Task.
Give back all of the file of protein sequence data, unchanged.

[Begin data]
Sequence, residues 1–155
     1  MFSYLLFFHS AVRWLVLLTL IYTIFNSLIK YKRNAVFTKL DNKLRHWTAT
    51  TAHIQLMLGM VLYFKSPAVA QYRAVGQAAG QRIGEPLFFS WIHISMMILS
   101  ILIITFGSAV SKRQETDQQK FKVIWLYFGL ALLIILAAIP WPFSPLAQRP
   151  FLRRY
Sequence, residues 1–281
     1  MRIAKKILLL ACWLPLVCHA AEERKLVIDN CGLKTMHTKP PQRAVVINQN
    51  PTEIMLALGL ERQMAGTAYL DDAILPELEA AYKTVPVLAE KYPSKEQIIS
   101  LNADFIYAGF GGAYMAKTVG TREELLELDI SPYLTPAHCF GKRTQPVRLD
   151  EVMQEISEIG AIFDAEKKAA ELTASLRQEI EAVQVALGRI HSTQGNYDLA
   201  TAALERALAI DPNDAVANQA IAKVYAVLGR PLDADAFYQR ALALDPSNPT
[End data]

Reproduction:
Sequence, residues 1–155
     1  MFSYLLFFHS AVRWLVLLTL IYTIFNSLIK YKRNAVFTKL DNKLRHWTAT
    51  TAHIQLMLGM VLYFKSPAVA QYRAVGQAAG QRIGEPLFFS WIHISMMILS
   101  ILIITFGSAV SKRQETDQQK FKVIWLYFGL ALLIILAAIP WPFSPLAQRP
   151  FLRRY
Sequence, residues 1–281
     1  MRIAKKILLL ACWLPLVCHA AEERKLVIDN CGLKTMHTKP PQRAVVINQN
    51  PTEIMLALGL ERQMAGTAYL DDAILPELEA AYKTVPVLAE KYPSKEQIIS
   101  LNADFIYAGF GGAYMAKTVG TREELLELDI SPYLTPAHCF GKRTQPVRLD
   151  EVMQEISEIG AIFDAEKKAA ELTASLRQEI EAVQVALGRI HSTQGNYDLA
   201  TAALERALAI DPNDAVANQA IAKVYAVLGR PLDADAFYQR ALALDPSNPT